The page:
Whisky Magazine Issue 11
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Whisky pilgrims , tourists, locals- this summer's Islay Festival attracted fans from around the globe. Michael Jackson reports on a time to remember, while Marcin Miller travels east to catch up on the festivities in Speyside.
Do young people enjoy whisky? 13-year-old Joe Byrne certainly does. Nosing but not tasting, he identified four out of eight local malts in a competition at the Islay Festival of Whisky and Music. His prize was a bottle of Laphroaig. Joe was there with a his nine-year-old brother Alexander and their parents. The Byrnes seem to be quite a family: they run a successful wine merchant's, with a good selection of malts, in the small and economically depressed northern English town of Clitheroe.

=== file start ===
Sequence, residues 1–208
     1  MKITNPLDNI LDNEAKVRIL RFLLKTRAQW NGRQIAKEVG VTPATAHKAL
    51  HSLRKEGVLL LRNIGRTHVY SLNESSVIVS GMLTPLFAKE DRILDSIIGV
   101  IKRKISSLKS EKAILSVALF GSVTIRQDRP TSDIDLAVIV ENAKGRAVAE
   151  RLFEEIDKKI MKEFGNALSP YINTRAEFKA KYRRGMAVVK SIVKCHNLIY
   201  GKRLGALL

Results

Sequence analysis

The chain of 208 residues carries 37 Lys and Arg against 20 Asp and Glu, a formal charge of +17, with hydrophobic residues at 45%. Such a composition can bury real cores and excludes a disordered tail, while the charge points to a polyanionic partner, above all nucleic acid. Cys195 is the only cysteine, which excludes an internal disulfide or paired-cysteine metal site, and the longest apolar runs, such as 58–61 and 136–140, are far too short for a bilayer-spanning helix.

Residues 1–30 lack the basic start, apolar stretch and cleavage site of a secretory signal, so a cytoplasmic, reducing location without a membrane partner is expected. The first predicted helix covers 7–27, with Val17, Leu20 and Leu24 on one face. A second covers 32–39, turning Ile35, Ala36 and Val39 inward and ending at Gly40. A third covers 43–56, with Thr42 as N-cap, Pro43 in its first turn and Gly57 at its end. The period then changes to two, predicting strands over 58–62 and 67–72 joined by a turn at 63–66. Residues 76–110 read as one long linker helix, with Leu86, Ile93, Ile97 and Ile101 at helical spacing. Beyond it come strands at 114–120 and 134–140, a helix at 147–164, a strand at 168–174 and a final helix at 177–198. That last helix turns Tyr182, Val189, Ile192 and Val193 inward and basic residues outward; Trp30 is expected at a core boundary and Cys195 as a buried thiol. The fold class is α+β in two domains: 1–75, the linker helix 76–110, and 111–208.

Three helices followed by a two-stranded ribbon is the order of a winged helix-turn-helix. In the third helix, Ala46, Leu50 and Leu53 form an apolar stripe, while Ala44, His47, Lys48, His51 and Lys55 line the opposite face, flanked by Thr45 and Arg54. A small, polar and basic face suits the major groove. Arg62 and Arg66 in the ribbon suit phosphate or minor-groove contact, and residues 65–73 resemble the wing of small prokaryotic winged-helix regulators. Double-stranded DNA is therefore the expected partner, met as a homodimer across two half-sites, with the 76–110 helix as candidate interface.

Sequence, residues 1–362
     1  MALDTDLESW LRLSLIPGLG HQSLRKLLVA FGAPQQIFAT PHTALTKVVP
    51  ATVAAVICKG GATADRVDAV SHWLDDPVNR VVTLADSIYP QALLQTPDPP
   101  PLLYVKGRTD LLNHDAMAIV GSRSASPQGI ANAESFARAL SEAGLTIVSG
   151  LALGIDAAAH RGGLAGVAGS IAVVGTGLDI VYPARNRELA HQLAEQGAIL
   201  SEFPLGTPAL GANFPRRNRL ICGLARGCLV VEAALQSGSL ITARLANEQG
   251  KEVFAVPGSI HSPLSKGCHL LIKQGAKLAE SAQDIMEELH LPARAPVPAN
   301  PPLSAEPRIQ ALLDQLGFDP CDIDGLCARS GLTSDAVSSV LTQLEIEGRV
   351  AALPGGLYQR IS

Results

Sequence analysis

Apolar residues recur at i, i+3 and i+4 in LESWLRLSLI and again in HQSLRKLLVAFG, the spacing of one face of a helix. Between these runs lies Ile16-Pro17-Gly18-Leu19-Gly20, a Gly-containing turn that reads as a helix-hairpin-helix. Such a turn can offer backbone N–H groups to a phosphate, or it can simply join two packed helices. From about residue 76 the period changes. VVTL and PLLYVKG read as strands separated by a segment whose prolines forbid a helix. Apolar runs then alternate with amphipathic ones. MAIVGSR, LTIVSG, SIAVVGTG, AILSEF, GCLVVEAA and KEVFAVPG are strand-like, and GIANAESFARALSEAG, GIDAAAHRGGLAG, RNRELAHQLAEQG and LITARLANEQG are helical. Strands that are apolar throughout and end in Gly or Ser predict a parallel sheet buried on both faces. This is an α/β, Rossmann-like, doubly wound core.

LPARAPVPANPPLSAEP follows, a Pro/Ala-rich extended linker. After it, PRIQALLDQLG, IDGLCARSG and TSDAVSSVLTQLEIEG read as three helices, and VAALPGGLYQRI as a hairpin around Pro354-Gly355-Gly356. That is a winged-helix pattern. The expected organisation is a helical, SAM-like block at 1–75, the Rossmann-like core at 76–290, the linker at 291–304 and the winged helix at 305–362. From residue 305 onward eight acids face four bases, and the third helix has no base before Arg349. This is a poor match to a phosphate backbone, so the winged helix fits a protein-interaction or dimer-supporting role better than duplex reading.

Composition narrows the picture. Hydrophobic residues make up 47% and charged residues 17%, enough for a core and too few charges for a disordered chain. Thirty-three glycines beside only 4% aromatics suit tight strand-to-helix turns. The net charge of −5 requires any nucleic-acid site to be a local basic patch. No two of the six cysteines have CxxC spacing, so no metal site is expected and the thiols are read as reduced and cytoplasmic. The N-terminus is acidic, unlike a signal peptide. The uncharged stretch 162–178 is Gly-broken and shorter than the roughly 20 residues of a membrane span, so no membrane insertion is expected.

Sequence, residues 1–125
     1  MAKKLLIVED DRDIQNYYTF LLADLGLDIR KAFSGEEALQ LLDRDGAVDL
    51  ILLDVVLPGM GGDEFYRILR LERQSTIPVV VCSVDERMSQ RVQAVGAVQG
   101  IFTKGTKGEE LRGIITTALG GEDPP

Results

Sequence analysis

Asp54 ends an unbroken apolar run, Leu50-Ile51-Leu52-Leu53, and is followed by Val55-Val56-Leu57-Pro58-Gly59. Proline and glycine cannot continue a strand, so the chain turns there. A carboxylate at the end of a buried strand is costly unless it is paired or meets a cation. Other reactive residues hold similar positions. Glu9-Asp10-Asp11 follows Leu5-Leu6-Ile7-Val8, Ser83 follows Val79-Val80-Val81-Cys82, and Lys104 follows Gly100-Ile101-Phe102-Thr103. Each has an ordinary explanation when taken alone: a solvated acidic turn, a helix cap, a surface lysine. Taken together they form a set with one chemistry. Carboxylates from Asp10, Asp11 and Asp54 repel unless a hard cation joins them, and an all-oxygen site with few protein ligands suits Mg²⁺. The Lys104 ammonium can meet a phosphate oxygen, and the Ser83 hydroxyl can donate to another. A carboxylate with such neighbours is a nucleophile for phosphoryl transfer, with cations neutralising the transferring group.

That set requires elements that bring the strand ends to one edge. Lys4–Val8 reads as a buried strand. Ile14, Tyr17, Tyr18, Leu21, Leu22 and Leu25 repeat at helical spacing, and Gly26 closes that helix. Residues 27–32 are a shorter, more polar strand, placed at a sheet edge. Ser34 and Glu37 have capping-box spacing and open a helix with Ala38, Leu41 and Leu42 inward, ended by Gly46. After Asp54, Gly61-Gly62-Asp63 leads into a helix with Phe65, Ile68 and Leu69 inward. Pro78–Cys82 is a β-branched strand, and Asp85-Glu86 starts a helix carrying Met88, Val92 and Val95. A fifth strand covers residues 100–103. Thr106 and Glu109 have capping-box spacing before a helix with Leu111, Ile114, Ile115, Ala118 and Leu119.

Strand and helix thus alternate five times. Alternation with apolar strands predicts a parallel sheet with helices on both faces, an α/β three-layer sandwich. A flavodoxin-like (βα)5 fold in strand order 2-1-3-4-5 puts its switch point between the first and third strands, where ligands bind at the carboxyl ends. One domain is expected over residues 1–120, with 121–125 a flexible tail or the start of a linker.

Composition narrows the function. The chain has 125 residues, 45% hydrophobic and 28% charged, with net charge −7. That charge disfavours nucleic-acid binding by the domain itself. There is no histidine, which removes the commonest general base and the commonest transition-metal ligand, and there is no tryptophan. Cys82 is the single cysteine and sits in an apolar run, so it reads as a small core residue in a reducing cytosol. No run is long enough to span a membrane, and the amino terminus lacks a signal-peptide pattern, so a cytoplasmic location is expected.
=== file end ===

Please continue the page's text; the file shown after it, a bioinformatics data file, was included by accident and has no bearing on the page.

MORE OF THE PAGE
The only people who did better than Joe in the nosing (all with five correct) were his father Andrew; my professional colleague Martine Nouet, from Paris; and Bert Hellige, of the Inner Circle Whisky Club, Berlin. Possibly the loudest applause was for the highest-scoring local nose: Isabel McAllister, who until her retirement worked in the Port Ellen post office. Like Joe, she correctly identified four of the malts. Another competition, in peat-digging, was coached by a professional, Norman Campbell. The contest, in lightly blustery conditions, was won by England, but it was a disputed result. Any international tension was dissipated by generous drams round a peat bonfire.
The sea, the wind and the peat are ever-present aromas on Islay, making it easy for visitors to understand these key elements in Scotch whisky. The extent of Islay's dependence on malting and distilling, and the close nature of an island community added to the intensity of the experience.
As a veteran of distillery tou...